If you take time off to care for someone or to have a child, keep in mind that this will affect your super. You can use the career break super calculator to work out how taking time off will affect your super balance. If at all possible it is worth continuing to pay into your super while you are not working.

Individuals with total super balances less than $500,000 can make additional concessional contributions for unused cap amounts from the previous five years, starting from 1 July 2018. This will be a handy measure for those with a capacity to make "catch-up" contributions to boost their super.

Spousal/partner contributions – tax offset – change to eligibility

A tax offset of 18% up to $540 is currently available for any individual, married or de facto partner, contributing super on behalf of a recipient spouse/partner whose income is up to $37,000. Eligibility rules were extended from 1 July 2017 by the Government to increase this amount from $10,800. However, this offset is gradually reduced from income above $37,000 and disappears completely at income above $40,000. Individuals who are receiving such a contribution must be under 70 and if aged 65 to 69 must meet a work test.

A Government co-contribution up to $500 is also available for individuals with total incomes up to $36,813 for 2017–18 (phasing down for incomes up to $51,813).


While you can often choose the fund into which super is paid, you may already have more than one super fund. Look into consolidating your current super funds if this is the case because contributing to one super fund, rather than many different ones, will mean you spend less on fees (as each super has an administration fee). It is also is easier to keep track of one fund. Key things to consider when choosing a fund are the long-term average returns of that fund and the fees that are charged – make sure you are comfortable with both. Before switching funds, it is also important to consider any insurance implications. Some funds require new members to undergo a medical test before insurance benefits are granted, while other funds may automatically offer transferring members insurance under a group life policy.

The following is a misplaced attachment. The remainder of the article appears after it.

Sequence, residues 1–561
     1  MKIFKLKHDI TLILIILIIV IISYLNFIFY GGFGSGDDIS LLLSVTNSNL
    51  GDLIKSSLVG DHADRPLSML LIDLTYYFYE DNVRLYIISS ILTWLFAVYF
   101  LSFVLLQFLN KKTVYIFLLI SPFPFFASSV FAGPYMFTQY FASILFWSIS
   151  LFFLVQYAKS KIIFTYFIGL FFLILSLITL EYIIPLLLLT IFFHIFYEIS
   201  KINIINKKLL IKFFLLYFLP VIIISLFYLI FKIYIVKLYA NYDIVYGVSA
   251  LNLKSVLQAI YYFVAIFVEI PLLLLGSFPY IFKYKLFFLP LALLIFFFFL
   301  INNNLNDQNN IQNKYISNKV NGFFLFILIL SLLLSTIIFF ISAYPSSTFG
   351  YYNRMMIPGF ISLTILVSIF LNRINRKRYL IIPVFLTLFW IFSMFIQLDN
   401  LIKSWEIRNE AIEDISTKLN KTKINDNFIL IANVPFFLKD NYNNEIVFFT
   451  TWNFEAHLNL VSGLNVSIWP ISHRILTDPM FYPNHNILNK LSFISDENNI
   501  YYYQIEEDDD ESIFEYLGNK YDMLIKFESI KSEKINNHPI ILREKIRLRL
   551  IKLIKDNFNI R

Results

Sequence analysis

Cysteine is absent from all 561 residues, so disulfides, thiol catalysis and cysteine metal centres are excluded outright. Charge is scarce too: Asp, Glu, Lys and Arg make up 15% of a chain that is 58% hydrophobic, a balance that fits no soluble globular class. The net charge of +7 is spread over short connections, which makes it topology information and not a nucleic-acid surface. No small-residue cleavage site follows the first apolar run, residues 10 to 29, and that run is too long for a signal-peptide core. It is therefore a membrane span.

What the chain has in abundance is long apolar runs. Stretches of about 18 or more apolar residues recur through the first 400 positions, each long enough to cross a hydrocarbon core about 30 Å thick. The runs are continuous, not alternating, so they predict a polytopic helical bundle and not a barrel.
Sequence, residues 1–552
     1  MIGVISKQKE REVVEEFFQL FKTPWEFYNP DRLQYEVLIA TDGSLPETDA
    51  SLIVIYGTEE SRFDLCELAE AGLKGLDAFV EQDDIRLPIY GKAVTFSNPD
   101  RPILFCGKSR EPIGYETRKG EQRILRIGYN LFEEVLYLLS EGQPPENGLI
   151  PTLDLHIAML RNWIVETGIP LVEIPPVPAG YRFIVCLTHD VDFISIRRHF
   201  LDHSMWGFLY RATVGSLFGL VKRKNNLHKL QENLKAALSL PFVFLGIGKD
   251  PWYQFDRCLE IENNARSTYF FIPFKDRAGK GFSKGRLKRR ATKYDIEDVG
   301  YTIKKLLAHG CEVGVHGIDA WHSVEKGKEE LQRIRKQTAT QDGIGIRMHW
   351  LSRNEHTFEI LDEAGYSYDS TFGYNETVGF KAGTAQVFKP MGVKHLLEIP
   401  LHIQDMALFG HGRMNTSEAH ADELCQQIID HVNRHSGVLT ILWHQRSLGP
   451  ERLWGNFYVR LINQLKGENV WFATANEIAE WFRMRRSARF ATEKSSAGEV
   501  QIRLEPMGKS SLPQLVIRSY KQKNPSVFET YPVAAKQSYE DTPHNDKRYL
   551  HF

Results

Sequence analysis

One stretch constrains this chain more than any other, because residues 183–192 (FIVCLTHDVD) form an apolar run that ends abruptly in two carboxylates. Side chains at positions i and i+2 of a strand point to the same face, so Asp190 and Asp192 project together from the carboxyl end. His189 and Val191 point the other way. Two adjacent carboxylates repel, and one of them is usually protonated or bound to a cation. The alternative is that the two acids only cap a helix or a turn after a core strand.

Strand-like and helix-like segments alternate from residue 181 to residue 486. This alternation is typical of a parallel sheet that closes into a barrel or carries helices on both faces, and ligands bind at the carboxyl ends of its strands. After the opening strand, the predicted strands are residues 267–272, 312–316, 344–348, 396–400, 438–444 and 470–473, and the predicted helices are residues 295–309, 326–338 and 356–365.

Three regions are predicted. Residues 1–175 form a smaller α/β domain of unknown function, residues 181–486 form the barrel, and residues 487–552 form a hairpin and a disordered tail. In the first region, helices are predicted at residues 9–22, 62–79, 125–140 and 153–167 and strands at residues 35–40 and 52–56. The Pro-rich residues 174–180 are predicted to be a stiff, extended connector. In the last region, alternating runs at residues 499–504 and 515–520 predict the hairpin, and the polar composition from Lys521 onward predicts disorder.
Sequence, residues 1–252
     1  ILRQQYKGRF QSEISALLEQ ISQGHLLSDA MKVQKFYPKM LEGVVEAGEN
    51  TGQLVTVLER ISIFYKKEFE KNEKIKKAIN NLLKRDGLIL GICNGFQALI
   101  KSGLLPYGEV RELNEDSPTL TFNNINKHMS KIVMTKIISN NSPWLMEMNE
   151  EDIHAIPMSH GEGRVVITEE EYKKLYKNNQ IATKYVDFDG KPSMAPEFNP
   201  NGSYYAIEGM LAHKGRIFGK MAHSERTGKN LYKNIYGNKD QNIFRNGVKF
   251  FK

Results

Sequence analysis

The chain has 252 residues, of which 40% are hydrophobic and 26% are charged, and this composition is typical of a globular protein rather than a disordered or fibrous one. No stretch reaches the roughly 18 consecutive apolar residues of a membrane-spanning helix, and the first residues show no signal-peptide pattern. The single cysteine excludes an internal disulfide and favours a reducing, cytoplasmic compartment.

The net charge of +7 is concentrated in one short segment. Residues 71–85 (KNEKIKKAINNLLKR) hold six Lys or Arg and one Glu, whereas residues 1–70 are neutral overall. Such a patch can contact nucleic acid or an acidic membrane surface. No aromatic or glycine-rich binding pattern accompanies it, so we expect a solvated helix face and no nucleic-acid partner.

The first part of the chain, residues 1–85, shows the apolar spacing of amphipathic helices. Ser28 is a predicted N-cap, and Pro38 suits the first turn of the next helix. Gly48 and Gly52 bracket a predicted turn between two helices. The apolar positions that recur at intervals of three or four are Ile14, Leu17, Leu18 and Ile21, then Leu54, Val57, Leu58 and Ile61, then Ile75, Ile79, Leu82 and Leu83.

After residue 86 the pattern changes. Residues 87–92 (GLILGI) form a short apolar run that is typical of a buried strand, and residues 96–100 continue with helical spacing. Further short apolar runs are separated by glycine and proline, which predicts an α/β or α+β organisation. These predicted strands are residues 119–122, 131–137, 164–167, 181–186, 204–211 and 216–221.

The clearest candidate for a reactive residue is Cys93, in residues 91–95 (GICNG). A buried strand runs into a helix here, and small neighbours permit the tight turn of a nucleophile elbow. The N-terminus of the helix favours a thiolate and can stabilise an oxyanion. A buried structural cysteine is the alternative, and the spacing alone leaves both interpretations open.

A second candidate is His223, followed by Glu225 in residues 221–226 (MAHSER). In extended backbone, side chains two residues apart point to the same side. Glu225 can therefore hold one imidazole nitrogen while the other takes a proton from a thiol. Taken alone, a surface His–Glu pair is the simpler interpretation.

Strategy for self-managed super fund – get advice

You may not be in a job where your employer pays your super, or you might want to manage your own super fund. If so, you could consider a self-managed super fund (SMSF). This is a legal structure (regulated by the ATO) with the specific purpose of providing for your retirement. There are similar rules and restrictions to ordinary super funds so it is important to seek advice from a licensed financial planner about whether an SMSF would suit your situation, how to set up your own fund and investment strategy going forward. 

Talk to us

Please contact our office to discuss your circumstances and find out how we can assist further. Call us at Robert Goodman Accountants on 07 3289 1700 or email us at . © Copyright 2018. All rights reserved. Source: Thomson Reuters.   Brought to you by Robert Goodman Accountants. 

IMPORTANT: Robert Goodman Accountants does not provide financial advice. All information on our blog is intended as a guide only. We recommend that you obtain independent professional accredited financial advice when considering whether the information is suitable to your personal circumstances.  We have associations with Financial Planners who specialise in providing independent SMSF, retirement & Estate Planning advice.